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Christianity’s Criminal History, 166

The butcher of the Saxons While Charles was making his conquests in northern Spain and losing them again—the only defeat suffered by a Frankish army under his command—Widukind, a Westphalian nobleman who had returned from Danish emigration (and who is first named in 777, when he failed to attend the Diet of Paderborn), advanced with…

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Christianity’s Criminal History, 165

– For the context of these translations click here –   A mission along ‘military shock lines’ So now the Saxons not only had to answer for their subordination ‘with all their freedom and property’, but the territory of which they were dispossessed was immediately divided, and in the presence of numerous bishops, between the…

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Christianity’s Criminal History, 164

The Christian banners enter Saxony Charles’ armies—which in the larger campaigns consisted of just 3,000 horsemen and between 6,000 and 10,000-foot soldiers—sometimes numbered more than 5,000 or 6,000 warriors. Unlike in the time of his grandfather Charles Martell, the core of the army was made up of heavy cavalry. The horsemen were armed with chain…

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Christianity’s Criminal History, 163

– For the context of these translations click here –   Plunder and Christianisation, a trump card of Frankish government policy While the Franks had fought in unison with the Saxons in the annihilation of the kingdom of Thuringia in 531, in 555-556 Chlothar I conducted two campaigns against them. In the first he succumbed…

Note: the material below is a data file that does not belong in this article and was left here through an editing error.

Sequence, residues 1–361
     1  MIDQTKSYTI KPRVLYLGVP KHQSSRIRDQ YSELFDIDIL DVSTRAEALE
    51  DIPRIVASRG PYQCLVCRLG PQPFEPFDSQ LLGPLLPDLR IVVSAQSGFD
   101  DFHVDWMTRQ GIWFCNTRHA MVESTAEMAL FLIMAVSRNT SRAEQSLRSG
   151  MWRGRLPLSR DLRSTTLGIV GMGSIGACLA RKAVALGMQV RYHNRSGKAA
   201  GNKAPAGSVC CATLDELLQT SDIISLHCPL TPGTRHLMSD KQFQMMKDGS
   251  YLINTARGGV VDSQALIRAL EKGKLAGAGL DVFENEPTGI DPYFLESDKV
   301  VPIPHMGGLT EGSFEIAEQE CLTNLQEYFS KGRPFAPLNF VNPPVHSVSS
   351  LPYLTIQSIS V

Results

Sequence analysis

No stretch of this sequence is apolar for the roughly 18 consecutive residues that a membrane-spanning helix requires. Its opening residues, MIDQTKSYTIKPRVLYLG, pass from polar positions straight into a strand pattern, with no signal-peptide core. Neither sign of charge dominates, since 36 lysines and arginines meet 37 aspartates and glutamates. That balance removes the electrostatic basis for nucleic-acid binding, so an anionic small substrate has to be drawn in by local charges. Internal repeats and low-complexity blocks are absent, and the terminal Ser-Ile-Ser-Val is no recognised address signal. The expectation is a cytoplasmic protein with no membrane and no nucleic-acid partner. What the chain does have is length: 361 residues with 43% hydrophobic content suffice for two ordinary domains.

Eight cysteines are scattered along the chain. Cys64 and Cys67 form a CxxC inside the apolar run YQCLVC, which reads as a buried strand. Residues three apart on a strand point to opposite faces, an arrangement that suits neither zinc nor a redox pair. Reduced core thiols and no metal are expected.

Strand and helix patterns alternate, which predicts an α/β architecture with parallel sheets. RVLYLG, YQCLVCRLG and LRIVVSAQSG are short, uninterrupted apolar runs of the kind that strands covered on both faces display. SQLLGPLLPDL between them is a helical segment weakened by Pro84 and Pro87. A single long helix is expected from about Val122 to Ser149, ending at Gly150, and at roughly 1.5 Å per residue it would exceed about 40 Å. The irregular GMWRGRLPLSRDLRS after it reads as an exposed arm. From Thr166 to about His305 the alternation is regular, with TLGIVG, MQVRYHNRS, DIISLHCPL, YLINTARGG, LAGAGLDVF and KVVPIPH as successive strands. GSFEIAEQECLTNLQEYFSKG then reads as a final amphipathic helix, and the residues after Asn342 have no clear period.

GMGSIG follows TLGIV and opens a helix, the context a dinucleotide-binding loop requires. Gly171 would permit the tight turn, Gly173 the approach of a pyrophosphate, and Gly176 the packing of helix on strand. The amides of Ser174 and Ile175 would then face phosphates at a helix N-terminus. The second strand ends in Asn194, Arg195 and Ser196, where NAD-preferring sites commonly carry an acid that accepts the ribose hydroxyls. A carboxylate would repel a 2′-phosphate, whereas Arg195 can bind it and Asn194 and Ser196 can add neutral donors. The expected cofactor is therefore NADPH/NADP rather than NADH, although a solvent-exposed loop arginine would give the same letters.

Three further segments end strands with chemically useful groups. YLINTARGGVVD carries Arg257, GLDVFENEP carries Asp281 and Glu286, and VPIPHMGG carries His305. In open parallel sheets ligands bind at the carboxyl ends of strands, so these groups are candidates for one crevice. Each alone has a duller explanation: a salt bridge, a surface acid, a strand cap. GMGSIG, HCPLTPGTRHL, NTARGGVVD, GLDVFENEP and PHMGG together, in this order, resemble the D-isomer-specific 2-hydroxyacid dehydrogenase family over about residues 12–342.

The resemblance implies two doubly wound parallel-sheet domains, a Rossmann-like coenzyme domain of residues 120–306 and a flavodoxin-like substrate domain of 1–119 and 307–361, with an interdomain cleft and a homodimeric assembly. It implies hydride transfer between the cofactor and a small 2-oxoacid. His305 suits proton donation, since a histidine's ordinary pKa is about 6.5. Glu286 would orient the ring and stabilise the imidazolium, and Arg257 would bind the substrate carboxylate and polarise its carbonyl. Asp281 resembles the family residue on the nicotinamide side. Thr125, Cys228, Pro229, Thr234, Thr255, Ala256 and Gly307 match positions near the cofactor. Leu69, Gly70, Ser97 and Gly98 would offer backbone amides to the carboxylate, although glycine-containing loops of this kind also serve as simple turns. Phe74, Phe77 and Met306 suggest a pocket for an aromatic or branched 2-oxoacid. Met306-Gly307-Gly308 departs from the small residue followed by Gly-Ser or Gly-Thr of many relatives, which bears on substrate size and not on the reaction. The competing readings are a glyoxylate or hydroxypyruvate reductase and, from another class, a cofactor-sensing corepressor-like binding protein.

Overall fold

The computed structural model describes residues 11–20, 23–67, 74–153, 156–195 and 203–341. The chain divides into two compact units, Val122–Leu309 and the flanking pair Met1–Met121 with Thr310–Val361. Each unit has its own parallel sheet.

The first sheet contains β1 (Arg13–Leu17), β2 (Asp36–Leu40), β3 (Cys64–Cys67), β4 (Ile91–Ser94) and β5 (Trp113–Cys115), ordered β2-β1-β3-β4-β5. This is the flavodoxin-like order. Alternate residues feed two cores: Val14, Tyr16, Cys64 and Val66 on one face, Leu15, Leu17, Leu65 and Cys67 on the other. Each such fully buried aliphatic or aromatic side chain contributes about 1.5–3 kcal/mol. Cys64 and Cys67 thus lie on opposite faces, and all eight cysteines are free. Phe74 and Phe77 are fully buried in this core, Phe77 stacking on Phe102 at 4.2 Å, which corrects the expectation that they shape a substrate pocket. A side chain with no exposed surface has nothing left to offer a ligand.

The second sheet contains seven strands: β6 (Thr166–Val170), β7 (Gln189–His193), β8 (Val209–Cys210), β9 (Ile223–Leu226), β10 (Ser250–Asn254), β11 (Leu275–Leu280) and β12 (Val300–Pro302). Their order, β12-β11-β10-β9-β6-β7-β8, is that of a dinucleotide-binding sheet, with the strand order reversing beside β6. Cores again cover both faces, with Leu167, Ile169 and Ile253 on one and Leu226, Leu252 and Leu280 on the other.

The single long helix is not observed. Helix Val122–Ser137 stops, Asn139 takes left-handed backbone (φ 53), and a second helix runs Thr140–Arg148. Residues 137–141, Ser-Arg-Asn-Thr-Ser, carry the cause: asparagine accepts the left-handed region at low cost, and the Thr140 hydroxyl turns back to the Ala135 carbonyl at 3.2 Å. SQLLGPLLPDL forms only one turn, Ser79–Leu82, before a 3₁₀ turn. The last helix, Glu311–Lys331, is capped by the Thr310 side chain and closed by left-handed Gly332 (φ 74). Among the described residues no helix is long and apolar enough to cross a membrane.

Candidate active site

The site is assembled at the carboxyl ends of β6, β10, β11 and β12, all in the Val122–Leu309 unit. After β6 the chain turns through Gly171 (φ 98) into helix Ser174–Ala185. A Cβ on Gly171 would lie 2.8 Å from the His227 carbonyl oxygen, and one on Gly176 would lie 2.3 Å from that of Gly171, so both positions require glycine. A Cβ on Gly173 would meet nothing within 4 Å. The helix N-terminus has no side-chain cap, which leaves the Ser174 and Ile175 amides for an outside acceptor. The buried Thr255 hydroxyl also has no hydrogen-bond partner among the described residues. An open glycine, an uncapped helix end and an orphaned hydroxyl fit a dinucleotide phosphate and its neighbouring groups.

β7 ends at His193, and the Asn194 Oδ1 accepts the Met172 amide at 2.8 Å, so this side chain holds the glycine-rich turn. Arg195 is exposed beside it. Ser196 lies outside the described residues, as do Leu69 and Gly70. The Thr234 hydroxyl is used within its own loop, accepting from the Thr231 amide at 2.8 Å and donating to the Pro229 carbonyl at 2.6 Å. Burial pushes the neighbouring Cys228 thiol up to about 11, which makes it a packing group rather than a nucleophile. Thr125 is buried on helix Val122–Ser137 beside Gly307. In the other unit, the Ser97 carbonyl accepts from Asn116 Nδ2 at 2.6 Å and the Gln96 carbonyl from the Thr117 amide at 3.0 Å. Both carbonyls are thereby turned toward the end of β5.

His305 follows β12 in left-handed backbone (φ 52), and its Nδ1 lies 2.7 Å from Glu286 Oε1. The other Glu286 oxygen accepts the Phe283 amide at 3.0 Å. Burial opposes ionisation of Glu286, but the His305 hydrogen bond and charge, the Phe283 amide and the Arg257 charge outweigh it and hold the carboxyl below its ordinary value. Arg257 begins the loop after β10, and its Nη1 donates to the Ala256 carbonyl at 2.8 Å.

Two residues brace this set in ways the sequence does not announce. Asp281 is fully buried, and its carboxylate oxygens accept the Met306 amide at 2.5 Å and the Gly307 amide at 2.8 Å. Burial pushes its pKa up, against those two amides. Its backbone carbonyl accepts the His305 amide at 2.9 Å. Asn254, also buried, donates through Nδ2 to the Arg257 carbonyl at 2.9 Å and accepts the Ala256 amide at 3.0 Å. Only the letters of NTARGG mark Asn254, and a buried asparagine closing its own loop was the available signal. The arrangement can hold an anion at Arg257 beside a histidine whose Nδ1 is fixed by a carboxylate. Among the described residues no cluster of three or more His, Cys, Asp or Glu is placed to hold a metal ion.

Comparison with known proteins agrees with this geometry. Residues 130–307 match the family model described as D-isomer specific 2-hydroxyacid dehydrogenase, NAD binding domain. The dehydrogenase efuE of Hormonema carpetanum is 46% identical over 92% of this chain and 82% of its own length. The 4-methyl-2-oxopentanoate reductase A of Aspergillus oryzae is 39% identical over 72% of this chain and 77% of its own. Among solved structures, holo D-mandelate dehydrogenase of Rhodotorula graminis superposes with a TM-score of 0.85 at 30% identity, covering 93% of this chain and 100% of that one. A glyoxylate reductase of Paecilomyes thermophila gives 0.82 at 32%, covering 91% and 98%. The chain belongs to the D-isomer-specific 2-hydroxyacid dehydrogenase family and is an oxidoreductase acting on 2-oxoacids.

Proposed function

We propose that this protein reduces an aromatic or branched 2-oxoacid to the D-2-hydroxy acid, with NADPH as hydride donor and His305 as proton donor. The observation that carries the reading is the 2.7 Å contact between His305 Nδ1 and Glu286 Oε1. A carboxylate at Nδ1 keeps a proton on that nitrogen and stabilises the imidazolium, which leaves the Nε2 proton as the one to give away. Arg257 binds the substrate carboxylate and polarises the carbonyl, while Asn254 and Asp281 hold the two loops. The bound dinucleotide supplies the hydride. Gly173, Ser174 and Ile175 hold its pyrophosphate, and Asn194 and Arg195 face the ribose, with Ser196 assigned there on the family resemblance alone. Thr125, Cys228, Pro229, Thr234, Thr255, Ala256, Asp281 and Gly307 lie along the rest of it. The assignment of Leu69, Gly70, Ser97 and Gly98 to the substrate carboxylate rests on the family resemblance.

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Christianity’s Criminal History, 162

The bloody ‘mission’ of the Saxons (772-804) Desiderius, the last king of the Longobards, went with his wife and daughter, Charles’ ex-wife, to a Frankish prison, then disappeared into a monastery (probably in Corbie), where he still survived for some time. In any case, he disappeared forever. The Longobard kingdom was wiped off the map.…

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Christianity’s Criminal History, 161

– For the context of these translations click here – Anti-juridical sovereignty of Charles and the beginning of the pro-pope warfare Shortly before Pope Stephen died at the end of January 772, Carloman had died (after having made large donations to churches and monasteries, and especially to the cathedral of Rheims and the abbey of…

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Christianity’s Criminal History, 159

  Charles I, known as the Great or Charlemagne, and the Popes ‘His hair was grey and beautiful, his face radiant and cheerful; his appearance was always imposing and dignified; his health always magnificent’. ‘The Christian religion, in which he was instructed from a young age, he always cultivated with great sanctity and piety (sanctissime…

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Reflections of an Aryan woman, 71

  Chapter 10 Hitlerian esotericism & the tradition ‘The fools scorn Me when I take on human form; My essence, supreme source of beings, escapes them.’ —Bhagavad-Gita, 9, verse 2   There were, of course, echelons among the elect. Curiously, the name of this elite of physical health and beauty, of warlike courage and, more…

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The religious roots of anti-Germanism

by Dietrich Schuler Editor’s note: This is the German-English translation of the first article we have published in German at the German section of The West’s Darkest Hour.   ______ 卐 ______   If we try to fathom the special fate of the Germans within the framework of the European tragedy, it is not enough…

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Christianity’s Criminal History, 126

For the context of this translation see the previous instalment of this series. Volume 4. Early Middle Ages From King Clovis (ca. 500) to the death of Charles ‘the Great’ (814) ‘For a long time Christ had already taken a look at the Germanic peoples… A new spring dawned on the sky of the Church’.…

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